Drilling for oil in the deep treacherous waters off the Falkland Islands has given investors plenty to think about over the years. Excitement reached fever pitch in the last 1990s when the like of Desire Petroleum, Greenwich Resources and Westmount Energy rekindled hope of an oil bonanza there. Seventeen years on and the names are different. So, too, is the investment case.
Operatorbegan drilling a new well in the North Falkland Basin last week - exploration well 14/15-5 on the Zebedee prospect licence PL004b. Premier, which has a 36% interest in Zebedee, admits that the seven stacked fan bodies have between 9% and 52% geological chances of success (GCoS). Of these, the F2 fan is thought to offer the optimum return should it come in.
"It is likely to be an exciting few months for all the companies involved in the drilling campaign and with a mixture of high impact exploration wells and some more appraisal type activity the opportunities are very real," says oil industry veteran Malcolm Graham-Wood.
However, there is a clear difference of opinion on what the prospect might yield.(24% interest) estimates net prospective Pmean resources - risk-weighted average of all possible outcomes - of 68 million barrels (mmbbls) in a range of 13-178 mmbbls. (40% interest), meanwhile, has a mid-case unrisked gross prospective resource of 281mmboe (112mmboe net to FOGL).
Source: Falkland Oil and Gas Limited (FOGL), Licence areas
Drilling, coring and logging operations are likely to take 30 days and each of the four wells to be drilled is expected to cost about $50 million. Two more are planned for the South Falkland Basin as part of this drill programme.
"The market has concentrated almost exclusively on FOGL, pushing the shares up on the back of what might turn out to be very optimistic resource numbers," says Graham-Wood. "I suspect that Humpback may have to deliver to justify the recent strength in the price which has doubled in the last quarter, great expectations indeed."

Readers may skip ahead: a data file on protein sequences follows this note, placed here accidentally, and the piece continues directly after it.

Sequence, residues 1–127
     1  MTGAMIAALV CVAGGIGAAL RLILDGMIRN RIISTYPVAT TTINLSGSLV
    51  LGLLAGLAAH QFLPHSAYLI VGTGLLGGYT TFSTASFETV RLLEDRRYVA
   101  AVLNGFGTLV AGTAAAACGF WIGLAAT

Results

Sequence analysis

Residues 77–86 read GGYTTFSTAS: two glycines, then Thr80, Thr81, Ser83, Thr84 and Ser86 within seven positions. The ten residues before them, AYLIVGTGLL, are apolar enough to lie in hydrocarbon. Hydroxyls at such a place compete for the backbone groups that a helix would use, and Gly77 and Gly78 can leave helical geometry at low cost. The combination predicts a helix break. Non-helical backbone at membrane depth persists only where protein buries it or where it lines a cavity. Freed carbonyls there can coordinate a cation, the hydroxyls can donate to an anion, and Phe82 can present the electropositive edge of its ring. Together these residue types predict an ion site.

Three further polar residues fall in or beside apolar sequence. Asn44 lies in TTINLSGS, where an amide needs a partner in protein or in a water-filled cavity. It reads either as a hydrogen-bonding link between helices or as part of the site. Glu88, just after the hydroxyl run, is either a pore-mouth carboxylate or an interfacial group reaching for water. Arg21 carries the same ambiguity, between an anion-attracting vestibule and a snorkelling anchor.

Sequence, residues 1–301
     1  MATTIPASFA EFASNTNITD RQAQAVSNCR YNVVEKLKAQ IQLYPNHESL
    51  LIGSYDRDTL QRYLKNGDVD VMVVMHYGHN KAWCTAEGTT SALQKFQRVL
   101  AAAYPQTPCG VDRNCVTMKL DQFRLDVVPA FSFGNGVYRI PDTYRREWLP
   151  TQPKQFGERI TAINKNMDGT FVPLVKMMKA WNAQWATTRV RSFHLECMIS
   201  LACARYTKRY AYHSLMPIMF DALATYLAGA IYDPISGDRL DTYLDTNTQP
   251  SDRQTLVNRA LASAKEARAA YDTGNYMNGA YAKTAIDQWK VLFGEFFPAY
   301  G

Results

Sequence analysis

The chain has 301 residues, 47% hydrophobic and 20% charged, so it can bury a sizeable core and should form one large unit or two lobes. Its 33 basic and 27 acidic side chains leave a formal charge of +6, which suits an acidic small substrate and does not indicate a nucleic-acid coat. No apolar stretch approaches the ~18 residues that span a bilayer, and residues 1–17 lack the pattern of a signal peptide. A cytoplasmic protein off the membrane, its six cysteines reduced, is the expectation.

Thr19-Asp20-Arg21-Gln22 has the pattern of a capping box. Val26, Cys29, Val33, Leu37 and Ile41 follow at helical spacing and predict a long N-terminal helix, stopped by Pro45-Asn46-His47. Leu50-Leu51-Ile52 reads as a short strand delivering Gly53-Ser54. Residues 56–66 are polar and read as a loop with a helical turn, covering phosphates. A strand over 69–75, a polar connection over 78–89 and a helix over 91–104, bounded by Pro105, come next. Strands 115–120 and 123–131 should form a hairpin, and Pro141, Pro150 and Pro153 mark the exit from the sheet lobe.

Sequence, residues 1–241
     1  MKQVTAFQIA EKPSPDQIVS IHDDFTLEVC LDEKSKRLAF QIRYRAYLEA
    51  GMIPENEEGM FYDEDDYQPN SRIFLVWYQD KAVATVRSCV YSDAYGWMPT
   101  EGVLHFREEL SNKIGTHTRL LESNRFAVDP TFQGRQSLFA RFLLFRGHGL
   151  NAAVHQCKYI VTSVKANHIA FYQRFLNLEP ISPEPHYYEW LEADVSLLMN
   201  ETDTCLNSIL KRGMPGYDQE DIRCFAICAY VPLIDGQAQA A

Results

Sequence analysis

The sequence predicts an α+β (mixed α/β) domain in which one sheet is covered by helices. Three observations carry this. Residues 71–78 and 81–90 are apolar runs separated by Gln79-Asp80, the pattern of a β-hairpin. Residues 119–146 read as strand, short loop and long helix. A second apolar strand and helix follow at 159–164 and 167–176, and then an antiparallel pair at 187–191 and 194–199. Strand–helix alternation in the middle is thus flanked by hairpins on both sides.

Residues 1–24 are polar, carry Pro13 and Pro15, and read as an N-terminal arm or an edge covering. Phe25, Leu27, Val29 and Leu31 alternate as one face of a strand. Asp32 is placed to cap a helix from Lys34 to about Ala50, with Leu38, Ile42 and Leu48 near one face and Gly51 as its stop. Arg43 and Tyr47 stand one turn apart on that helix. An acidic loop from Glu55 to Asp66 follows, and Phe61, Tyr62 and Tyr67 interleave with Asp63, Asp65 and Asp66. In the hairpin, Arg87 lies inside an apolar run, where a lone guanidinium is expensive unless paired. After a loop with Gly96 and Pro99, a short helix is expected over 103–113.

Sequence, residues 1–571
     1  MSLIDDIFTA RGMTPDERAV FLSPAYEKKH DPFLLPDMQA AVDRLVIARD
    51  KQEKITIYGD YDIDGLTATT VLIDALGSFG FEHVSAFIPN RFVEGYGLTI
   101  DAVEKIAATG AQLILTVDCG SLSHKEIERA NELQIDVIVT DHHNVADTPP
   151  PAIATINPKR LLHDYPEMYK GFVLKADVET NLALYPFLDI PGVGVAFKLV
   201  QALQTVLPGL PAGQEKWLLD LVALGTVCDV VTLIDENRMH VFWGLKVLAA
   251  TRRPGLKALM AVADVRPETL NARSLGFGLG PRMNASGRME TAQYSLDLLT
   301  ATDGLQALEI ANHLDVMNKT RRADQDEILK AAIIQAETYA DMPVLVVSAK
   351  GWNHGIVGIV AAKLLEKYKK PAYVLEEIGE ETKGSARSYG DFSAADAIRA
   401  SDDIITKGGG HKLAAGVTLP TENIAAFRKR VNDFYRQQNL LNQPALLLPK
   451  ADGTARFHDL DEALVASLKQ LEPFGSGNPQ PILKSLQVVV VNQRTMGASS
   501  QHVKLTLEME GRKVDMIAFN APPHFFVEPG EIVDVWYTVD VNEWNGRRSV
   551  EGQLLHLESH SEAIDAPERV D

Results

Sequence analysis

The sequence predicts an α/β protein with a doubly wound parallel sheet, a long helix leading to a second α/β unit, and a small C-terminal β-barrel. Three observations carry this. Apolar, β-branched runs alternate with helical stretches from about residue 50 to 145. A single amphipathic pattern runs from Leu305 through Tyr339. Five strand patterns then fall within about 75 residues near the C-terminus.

Panmure updates guidance
Colin Smith, an oil analyst at Panmure Gordon, thinks so, too. FOGL shares have rocketed from 17p in December to 36p a couple of weeks ago. Now 27p, Smith begins coverage with a 25p target price and 'sell' rating.
"FOGL has the highest exploration exposure of any of the companies in the current campaign and that has prompted the stock to outperform the market by almost 20% and its peers by multiples of that in a process which we believe has gone much too far," says Smith. "While FOGL has substantial carries in place, its own programme will cost it US$ 90 million, we estimate, utilising most of its current cash resources."
Instead, Smith recommends switching into Rockhopper. However, Premier Oil chief Tony Durrant said recently that the second phase of development at the nearby Sea Lion discovery - estimated to contain 293 million barrels of recoverable oil - is not likely to be developed until 2024 because of low oil prices. There had been speculation that production could begin in 2018.
"Mapping that impact on the unrisked value of prospective resources, together with a more refined assessment of the actual exploration exposures, results in cuts to our NAV calculations," says Smith who cuts his target price for Rockhopper from 175p to 145p.remains a 'buy', too, but Panmure's target slips from 45p to 30p.
This article is for information and discussion purposes only and does not form a recommendation to invest or otherwise. The value of an investment may fall. The investments referred to in this article may not be suitable for all investors, and if in doubt, an investor should seek advice from a qualified investment adviser.